"Not exactly as a boy" : A Study of Queer Gender Performances, Cross-dressing, and Love Between Women in Sarah Waters’ Tipping the Velvet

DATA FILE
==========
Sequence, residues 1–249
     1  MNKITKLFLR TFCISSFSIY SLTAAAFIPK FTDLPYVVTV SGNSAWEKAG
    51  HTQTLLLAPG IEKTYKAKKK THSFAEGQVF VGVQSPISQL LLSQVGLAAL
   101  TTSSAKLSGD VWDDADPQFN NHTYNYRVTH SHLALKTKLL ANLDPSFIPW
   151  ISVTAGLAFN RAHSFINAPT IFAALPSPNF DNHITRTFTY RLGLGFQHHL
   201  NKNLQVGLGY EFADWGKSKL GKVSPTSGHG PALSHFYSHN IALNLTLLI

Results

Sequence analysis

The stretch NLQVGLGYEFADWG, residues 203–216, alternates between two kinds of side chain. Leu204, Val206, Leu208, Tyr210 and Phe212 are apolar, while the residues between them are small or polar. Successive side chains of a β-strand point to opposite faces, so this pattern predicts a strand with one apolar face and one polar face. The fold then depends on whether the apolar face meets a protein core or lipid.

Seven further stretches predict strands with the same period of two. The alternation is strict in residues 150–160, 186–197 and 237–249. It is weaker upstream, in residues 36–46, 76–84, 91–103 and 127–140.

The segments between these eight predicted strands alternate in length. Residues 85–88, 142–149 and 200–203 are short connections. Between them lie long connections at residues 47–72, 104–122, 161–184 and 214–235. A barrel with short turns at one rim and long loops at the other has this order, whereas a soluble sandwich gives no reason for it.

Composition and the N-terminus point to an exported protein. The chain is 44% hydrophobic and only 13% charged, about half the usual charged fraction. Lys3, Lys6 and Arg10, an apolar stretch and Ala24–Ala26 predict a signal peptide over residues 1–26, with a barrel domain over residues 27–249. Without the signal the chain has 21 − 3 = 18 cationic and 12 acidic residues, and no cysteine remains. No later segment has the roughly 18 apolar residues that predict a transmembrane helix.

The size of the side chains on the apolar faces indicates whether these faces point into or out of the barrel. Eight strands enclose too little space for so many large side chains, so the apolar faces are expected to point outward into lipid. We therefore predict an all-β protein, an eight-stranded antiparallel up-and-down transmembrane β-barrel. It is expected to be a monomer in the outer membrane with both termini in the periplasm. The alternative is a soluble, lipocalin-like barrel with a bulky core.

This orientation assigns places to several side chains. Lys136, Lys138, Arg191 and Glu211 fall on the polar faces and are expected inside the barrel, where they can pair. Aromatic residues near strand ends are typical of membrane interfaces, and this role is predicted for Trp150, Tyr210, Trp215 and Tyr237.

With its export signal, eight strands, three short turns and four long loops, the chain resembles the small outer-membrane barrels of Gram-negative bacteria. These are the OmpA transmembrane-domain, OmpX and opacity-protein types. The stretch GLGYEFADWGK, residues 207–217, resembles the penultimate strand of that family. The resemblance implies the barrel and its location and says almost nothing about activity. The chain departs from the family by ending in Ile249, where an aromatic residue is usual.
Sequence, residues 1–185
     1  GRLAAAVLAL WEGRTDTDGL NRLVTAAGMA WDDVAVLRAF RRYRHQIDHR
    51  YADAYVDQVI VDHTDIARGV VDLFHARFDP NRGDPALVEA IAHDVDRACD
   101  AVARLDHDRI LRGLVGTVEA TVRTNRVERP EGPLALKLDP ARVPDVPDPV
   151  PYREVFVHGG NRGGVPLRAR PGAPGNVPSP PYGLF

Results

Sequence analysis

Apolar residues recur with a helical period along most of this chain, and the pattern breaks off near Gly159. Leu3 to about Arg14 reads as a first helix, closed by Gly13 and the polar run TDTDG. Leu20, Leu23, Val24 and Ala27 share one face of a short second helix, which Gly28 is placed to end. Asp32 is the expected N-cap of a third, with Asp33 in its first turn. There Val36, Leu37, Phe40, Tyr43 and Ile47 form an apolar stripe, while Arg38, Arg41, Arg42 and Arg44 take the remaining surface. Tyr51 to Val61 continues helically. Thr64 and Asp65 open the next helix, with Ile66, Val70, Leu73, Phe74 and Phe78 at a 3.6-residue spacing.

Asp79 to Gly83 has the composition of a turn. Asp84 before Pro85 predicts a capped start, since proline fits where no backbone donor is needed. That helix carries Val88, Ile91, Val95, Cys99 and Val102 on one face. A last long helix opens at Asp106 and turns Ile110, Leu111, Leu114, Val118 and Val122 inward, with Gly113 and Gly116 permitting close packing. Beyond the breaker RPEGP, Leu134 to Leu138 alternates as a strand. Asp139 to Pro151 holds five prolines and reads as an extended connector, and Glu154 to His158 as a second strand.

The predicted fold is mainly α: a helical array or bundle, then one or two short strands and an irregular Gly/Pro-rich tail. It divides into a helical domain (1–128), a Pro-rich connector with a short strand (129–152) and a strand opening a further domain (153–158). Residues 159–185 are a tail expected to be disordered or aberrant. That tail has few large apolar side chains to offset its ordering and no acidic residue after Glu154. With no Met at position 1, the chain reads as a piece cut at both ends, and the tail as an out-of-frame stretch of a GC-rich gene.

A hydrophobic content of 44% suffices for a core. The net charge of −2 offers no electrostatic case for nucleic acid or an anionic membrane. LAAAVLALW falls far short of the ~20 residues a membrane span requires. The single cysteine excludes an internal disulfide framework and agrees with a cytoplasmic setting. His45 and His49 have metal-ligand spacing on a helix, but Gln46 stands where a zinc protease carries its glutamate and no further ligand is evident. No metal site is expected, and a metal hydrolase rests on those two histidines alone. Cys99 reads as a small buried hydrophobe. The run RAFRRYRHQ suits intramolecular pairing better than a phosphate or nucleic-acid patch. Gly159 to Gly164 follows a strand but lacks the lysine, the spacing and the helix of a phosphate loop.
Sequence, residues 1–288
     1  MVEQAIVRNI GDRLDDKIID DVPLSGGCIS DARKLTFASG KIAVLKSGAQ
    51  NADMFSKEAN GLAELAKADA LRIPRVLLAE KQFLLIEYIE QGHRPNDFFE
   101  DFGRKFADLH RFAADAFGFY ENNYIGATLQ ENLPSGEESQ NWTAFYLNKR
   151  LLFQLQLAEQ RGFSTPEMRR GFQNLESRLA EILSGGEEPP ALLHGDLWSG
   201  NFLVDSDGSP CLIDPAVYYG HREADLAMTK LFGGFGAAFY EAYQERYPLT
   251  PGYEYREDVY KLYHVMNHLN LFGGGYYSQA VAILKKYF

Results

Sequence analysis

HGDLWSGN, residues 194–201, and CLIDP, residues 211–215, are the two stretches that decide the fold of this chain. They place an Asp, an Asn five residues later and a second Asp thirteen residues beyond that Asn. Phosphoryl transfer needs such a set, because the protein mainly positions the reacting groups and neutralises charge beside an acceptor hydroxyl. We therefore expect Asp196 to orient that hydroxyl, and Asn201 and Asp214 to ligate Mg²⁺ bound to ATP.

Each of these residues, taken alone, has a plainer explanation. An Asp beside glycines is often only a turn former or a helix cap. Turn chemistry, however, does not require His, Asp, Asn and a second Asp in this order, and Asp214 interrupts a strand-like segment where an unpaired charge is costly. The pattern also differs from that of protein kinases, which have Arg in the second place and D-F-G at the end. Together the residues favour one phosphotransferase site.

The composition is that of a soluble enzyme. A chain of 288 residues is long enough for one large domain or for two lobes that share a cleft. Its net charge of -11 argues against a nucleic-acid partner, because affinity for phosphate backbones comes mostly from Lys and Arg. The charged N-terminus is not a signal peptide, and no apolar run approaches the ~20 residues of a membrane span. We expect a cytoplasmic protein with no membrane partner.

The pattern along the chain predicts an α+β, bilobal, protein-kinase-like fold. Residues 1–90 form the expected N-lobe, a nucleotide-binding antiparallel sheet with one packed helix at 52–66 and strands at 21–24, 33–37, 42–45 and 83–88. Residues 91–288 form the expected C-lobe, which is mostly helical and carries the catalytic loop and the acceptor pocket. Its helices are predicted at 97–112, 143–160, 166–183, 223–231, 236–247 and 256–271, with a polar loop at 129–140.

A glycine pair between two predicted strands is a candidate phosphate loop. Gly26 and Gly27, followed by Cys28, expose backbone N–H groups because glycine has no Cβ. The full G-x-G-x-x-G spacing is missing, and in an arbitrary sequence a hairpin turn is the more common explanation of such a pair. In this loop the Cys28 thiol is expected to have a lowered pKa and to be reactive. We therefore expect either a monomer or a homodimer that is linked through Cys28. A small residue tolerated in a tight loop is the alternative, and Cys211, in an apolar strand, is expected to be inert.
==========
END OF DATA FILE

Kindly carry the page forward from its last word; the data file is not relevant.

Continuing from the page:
Abstract: This study consists of an analysis of the novel Tipping the Velvet by Sarah Waters, in terms of cross-dressing as self-representation. The study aims to emphasise how cross-dressing can be significant when expressing one’s gender identity, by examining the gender identity and sexual orientation of the male impersonator Nancy Astley/Nan King and how she reacts to her own queerness. With the use of queer literary theory, Judith Butler’s theories on gender performativity, and ideas of gender as social constructs, this study argues that the novel is a powerful representation of the fluidity and inconsistency of gender and the non-existence of the gender binary. Throughout the novel, the main character disrupts the expected gender roles of the British Victorian era, and through the use of cross-dressing, uses masculinity and masculine femininity to discover and express her gender identity.
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